The Turning is Tim Winton’s blistering short story collection, published in 2005. The 17 stories have some overlapping plot lines, with common characters of people and place. Some of the stories stand alone, and all reflect Winton’s unique way of capturing the West Australian landscape and making it jump out of the page.
Turning this collection into a film was a challenging project, and Robert Connolly has managed to translate the stories into a coherent whole in an unexpected way – by giving 17 different directors – and not all of them coming from that discipline – the task of making one of the stories each. This has avoided the neatness of making the connections between the films “obvious” – using the same actor to portray a recurring character may have taken away some of the mystery and engagement for the viewer that is apparent for the reader.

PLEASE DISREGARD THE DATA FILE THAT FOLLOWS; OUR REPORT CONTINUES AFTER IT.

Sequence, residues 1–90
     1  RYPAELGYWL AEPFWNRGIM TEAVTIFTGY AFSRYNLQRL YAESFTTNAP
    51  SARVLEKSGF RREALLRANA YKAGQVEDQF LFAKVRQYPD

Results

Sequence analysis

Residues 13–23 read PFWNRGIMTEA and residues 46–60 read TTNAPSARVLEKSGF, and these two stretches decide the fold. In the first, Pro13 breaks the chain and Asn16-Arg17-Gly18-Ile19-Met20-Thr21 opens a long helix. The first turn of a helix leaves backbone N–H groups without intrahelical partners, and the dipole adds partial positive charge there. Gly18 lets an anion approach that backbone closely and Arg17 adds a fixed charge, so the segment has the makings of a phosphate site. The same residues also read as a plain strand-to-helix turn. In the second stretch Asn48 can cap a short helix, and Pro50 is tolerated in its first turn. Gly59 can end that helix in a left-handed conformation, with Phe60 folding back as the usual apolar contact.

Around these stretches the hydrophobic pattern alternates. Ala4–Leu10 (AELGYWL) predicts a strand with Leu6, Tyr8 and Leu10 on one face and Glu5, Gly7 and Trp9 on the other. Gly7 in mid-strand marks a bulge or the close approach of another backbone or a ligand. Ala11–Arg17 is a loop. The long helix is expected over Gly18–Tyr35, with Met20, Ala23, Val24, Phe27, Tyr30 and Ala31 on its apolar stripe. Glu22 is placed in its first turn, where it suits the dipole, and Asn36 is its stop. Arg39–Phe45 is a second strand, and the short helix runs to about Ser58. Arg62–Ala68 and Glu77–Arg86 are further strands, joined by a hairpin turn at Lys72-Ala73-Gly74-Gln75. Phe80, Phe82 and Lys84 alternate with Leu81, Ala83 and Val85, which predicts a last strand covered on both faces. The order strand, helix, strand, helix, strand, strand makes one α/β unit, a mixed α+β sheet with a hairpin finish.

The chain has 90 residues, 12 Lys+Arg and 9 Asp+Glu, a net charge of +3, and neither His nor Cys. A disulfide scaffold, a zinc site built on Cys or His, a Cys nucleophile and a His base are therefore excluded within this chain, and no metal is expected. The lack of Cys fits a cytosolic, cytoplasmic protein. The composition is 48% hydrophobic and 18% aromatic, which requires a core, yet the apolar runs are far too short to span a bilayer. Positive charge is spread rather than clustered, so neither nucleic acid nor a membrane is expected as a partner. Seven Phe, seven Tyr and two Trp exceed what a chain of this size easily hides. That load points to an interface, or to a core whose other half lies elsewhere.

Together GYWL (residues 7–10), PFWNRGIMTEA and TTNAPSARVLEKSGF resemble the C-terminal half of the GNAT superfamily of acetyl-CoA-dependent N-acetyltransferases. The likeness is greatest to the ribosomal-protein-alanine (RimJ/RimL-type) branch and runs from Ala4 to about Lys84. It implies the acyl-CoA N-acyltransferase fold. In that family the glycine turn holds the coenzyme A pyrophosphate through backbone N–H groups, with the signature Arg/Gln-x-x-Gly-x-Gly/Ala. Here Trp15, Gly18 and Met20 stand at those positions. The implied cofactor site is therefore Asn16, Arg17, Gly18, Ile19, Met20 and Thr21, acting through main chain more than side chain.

For example, the character of Vic appears in 8 films, and is portrayed by 8 actors – 4 as a child/youth, and 4 as an adult. The rather swanky program – which was included in the higher than normal “event” price – gave a key to the stories, the overlapping characters and the timeline of the common characters. This was helpful!
Some of the films did a better job of capturing the material they were based on than others – the degree of artistic licence taken by the directors varies widely. This is the both the strength and perhaps a weakness of the end product. Overall, the gems (The Turning, Fog) far outweigh some slightly less strong pieces. The “stars” – Cate Blanchett, Richard Roxburgh, Miranda Otto, Hugo Weaving, Rose Byrne – are all outstanding, and the rest of the cast are strong in support.
The film is being shown in limited release as a series of “unique cinema events.” Not sure how this will work out for the film, but I guess it’s not one for high rotation at the multi-plexes – more the pity.